4. Helps to stabilise a baby’s heart rate, breathing and body temperature – did you know that kangaroo care can have positive physical effects on your baby? Research has shown that babies who practise skin to skin have a more regular breathing pattern. A mother’s chest also alters temperature to accommodate the needs of their baby…cooling down or warming up in response, and baby’s heart rate also stabilises during skin to skin contact.

5. Increased oxygen levels to the baby’s tissues and organs – this links into the positive effects of regulating breathing and temperature – oxygen saturation rates can actually increase during kangaroo care! This is one of the reasons that survival rates of NICU babies increases with the use of skin to skin contact with the caregiver. Your contact with your baby helps them to thrive!

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6. Increase in vital sleep time for baby – you will find that your baby likes nothing more than to sleep on your chest during kangaroo care. Whilst many babies can be fussy in a cot or a crib, they will instantly calm on your chest as their breathing and body temperature regulates. Some research has also shown that this can aid brain development too.

7. Helps breastfeeding mums to be more successful – kangaroo care increases the milk supply of breastfeeding mums as oxytocin level rise and baby is able to smell and root for their milk as needed during skin to skin contact. This increased nursing potential for baby helps to increase milk supply for the mother as breastfeeding works on a supply and demand basis…increasing milk supply to keep up with the needs of the baby. Having time to relax with your baby on your chest with easy access to their milk can really help to make breastfeeding much more successful for mother and baby.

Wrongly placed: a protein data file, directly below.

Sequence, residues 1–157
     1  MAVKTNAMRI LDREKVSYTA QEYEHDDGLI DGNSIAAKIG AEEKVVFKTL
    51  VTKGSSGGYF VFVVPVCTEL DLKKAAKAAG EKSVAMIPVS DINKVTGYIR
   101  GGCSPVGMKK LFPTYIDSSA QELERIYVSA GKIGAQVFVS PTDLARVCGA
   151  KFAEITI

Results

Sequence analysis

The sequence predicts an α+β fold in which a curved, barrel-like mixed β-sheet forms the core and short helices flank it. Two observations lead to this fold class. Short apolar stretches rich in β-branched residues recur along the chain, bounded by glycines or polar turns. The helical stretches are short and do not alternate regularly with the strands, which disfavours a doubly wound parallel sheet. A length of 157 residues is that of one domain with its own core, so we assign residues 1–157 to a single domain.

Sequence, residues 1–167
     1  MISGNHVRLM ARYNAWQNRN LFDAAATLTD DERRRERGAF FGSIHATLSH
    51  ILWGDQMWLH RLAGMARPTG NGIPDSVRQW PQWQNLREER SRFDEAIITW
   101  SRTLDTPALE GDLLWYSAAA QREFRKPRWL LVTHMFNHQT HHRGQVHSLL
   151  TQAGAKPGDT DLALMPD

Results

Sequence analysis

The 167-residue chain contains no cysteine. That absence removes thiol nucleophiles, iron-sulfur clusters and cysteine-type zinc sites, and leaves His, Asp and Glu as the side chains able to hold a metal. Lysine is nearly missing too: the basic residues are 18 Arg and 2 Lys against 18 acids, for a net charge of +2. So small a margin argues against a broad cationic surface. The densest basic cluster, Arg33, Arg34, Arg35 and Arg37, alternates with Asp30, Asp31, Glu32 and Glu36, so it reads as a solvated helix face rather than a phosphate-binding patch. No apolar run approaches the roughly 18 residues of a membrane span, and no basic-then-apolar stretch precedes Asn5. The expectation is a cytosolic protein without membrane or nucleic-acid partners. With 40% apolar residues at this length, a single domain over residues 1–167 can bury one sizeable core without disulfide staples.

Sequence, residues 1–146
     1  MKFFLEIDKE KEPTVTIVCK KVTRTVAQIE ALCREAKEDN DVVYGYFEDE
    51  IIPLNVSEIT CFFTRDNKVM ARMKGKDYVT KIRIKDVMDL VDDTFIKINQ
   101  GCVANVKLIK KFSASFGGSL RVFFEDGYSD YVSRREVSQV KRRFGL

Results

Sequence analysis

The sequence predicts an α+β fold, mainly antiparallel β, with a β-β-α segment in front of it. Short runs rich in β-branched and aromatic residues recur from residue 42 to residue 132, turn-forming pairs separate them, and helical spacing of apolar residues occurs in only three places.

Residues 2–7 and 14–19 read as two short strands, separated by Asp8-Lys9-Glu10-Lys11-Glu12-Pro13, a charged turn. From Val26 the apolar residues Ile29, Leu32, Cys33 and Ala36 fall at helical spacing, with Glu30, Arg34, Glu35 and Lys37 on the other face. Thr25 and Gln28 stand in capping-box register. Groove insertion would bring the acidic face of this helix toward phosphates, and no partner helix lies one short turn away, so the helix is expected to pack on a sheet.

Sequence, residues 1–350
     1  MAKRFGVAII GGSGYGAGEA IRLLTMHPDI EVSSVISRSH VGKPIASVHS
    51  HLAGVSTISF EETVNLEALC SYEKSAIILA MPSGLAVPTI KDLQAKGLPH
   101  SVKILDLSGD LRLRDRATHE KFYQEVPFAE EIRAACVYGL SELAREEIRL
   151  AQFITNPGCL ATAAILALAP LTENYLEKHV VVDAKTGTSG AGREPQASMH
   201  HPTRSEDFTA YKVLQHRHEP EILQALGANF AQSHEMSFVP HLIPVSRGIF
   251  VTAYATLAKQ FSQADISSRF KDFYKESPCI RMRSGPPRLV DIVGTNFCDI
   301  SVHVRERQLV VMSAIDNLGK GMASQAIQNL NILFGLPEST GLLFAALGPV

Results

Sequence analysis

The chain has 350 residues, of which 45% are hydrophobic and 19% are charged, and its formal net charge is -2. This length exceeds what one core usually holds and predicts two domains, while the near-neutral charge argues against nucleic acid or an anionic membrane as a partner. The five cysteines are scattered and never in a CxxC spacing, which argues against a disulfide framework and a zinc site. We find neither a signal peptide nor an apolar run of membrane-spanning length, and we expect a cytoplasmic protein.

Important final point to note: It is not safe to practise kangaroo care if you are sleepy or have been drinking. Parents must be fully alert and awake in order to care for their baby effectively during skin to skin to avoid suffocation or rolling away.


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    Written by

    Sarah Hurst

    YBC Blogger, EYFS Teacher, SME Owner and Mum of 2
    Sarah is an EYFS Primary school Teacher, Blogger and mum of two to Arthur and Charlotte. You can find her over at www.Arthurwears.com , a child development and family lifestyle blog, sharing her favourite tried and tested ‘Learning Through Play’ activities; thoughts and advice on parent and child wellbeing; and Lifestyle recommendations for busy families. Never without an emergency stash of dark chocolate (or a small child to share it with) you can also follow her sleep deprived updates on social media.

    Articles on YourBabyClub.co.uk are a mixture of informative pieces, anecdotal accounts and professional advice from our panel of Bloggers, Writers and Experts. The views and opinions expressed in these articles are those of the authors and do not necessarily reflect the official view of Your Baby Club UK